That benefit has now become a responsibility.

EU leaders have. Pledged to reduce consumption. 66% reduction in the price of Russian gas before the end of this year, and by 2027 to end the bloc’s dependence on Russian oil and gas. Russia accounts for 55% to 40% of total gas imports.
But a sudden stop would be devastating. Putin threatened to turn off the taps if countries did not do so. Pay in rublesThe German government launched the first one. A three-phase contingency plan That Can lead Gas rationing. Homes and hospitals will be given priority over many industrialists.
Total gas station fuel prices in Berlin, Germany, on Tuesday, March 15, 2022.
Russian energy giant Gazprom Disconnect the gas supply. Went to Poland and Hungary on Wednesday because they did not pay in rubles. Many fear that Germany could be next.
According to the report, the sudden break in will reduce the German GDP by about 2% in 2022. Central Bank of the country. Analysis of five top personalities of the country Economic Institutions The month also said that the sudden ban would result in the loss of 550,000 jobs in 2022 and 2023.

“Natural gas will likely remain expensive after the ban or supply cuts,” Sebastien Dulin, research director at the Macroeconomic Policy Institute, told CNN Business.

He warned that if Russia cut off its gas supplies, Germany’s economy would suffer “structural damage” – a loss that would be more difficult to repair than in the 2008 financial crisis. This could lead to a recession at least as deep and possibly longer than a decade ago.

Fear of ‘Stagflation’

Inflation is just one part of the story.

Germany’s economy is already booming. I The recessionary German Council of Economic Experts, a government advisory group, last month cut its GDP growth rate from 4.6 percent to 1.8 percent in 2022, citing inflation and the war in Ukraine.

A woman walks through a supermarket with her shopping cart on March 31, 2022 in Newburgh, Bavaria.

Manufacturing output down this month, According to the survey, this is the lowest level since June 2020 S&P Global’s data, and declining confidence could lead to a prolonged downturn.

“Danger [of a recession]”I would say it’s over 50 percent right now,” Dolan said.

Germany, and indeed most of Europe, is now looking at it. Stagnation – That nightmare of high inflation and weak economic growth.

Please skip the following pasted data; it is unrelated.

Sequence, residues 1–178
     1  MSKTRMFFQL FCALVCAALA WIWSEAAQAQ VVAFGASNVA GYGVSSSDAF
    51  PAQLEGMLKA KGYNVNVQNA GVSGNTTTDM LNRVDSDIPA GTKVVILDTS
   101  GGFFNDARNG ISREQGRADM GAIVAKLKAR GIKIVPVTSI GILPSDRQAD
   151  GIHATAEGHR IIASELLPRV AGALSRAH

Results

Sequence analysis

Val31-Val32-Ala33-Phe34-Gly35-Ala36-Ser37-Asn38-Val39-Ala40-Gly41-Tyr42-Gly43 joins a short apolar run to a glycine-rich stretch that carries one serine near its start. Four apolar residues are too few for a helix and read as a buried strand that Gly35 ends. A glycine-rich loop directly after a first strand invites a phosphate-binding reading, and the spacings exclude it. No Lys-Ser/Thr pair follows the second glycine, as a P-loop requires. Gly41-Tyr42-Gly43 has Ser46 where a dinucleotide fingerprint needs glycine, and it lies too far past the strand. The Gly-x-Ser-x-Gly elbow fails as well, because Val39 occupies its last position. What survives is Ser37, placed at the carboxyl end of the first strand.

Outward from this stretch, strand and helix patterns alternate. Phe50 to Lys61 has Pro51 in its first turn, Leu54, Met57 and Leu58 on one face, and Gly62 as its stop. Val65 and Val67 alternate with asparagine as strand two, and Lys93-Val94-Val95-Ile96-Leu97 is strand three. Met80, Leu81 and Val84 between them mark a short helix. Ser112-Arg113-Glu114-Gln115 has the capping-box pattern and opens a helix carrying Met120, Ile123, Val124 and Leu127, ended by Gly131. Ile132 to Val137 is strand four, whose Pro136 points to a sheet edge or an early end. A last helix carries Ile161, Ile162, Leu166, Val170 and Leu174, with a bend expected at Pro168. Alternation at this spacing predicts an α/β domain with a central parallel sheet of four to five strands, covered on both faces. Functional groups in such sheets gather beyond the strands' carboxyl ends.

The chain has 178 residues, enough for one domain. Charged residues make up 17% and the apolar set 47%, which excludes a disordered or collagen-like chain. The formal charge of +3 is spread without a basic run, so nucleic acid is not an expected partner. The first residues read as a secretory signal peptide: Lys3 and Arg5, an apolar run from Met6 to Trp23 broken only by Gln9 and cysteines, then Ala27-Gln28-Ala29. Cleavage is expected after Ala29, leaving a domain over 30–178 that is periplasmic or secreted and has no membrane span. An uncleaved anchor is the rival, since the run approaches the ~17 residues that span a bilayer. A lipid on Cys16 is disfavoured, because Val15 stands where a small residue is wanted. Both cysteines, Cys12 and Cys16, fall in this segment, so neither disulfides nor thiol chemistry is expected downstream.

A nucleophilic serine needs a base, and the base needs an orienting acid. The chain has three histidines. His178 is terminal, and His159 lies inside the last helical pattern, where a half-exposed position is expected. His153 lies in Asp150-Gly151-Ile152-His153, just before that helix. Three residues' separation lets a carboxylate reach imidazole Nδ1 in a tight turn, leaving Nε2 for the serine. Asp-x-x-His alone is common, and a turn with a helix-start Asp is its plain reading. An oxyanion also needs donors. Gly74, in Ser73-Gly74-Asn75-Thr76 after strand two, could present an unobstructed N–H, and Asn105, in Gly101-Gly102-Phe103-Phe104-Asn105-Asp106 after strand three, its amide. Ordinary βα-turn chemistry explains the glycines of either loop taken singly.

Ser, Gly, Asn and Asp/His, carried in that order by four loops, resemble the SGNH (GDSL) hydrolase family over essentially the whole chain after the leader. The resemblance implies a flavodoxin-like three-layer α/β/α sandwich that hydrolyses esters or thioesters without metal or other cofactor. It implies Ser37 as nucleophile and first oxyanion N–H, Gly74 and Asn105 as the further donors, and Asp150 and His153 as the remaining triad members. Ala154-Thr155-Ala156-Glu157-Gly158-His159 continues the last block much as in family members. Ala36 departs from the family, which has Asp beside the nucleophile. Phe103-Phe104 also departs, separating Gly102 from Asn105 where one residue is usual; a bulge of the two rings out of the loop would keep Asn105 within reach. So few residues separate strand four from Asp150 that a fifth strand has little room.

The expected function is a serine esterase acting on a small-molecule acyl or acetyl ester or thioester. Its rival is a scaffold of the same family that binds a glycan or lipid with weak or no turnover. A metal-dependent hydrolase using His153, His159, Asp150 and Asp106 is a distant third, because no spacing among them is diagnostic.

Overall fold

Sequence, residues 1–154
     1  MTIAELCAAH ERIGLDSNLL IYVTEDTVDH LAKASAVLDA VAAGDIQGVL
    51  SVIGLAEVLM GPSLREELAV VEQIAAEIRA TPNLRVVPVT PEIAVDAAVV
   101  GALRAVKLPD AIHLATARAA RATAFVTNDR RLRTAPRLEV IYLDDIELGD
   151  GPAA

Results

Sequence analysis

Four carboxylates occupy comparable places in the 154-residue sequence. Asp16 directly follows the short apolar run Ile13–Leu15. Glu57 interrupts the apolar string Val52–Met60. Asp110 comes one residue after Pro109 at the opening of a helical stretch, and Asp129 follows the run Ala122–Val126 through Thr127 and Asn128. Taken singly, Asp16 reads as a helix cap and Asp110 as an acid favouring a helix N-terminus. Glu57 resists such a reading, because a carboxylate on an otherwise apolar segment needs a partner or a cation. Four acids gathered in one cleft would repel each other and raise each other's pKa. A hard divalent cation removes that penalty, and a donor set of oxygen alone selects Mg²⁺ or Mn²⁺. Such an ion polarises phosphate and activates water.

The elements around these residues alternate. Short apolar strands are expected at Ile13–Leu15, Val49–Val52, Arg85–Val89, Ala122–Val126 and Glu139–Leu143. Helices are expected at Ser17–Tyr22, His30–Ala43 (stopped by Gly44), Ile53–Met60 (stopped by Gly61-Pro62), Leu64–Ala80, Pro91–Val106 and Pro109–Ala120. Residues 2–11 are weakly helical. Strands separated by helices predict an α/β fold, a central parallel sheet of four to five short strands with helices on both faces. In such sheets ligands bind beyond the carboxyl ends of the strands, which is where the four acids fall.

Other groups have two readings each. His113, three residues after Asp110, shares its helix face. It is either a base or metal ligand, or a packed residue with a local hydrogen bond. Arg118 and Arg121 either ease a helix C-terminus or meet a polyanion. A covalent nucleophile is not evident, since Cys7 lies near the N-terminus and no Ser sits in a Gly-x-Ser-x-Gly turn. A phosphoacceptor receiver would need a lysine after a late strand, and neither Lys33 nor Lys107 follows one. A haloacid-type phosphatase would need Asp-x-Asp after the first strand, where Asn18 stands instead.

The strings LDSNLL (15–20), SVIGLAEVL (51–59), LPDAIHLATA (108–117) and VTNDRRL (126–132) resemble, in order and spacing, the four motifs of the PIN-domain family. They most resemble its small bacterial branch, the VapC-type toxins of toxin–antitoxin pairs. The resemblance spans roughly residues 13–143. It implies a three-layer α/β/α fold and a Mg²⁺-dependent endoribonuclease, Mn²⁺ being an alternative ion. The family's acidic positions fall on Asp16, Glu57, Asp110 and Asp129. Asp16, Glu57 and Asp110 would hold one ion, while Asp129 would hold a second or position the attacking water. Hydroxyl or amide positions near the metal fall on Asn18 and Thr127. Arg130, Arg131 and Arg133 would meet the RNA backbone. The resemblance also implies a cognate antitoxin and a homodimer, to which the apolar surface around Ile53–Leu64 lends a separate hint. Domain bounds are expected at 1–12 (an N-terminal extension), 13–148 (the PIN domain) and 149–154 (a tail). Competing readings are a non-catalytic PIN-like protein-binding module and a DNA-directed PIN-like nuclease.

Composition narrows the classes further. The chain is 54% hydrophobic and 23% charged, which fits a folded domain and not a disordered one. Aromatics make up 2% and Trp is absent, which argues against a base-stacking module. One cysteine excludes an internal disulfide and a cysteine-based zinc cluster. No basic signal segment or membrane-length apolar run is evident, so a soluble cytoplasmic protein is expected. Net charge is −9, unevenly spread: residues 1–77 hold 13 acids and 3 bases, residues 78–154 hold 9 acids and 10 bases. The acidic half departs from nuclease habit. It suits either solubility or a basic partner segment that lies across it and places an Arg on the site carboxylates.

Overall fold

‘We have to endure’

Companies and countries are facing shortages of basic food and raw materials. For example, energy prices have risen sharply. Decreased zinc productionMetal used to protect steel, while Russia’s invasion of Ukraine has threatened global wheat supplies. Both countries account for about 30% of the total. Global wheat trade.

The German Association for Small and Medium Enterprises said it had some members. Decreased production due to already shortage.

“[Production cuts are] It’s not The result of power shortages, or high electricity prices, however [because] They don’t have the materials to make the goods, “Hans-Jگنrgen Wells, the association’s chief economist, told CNN Business.

“For example, aluminum, steel and everything [else] Due to sanctions against Russia, its supply is low worldwide at the moment. “

The war in Ukraine has raised fears of a drop in raw material exports from the region. Prices of nickel, the metal used in it Electric car batteriesReached an all-time high in early March, doubled to $ 100,000 per metric ton, and activated the London Metal Exchange Suspend trade.
This is bad news for the German auto industry, which is still struggling. Lack of semiconductor chips.
Delays at China’s Shanghai port – one of the world’s busiest ports – due to tightness Corona virus lockdown The city has also shut down global supply chains in recent weeks. There could have been no worse time for German importers.

Hoon, in the Florida Ace, sees himself as an optimist, but he can’t even ignore the “dark clouds” that have gathered over the German economy.

“We have to deal,” he said.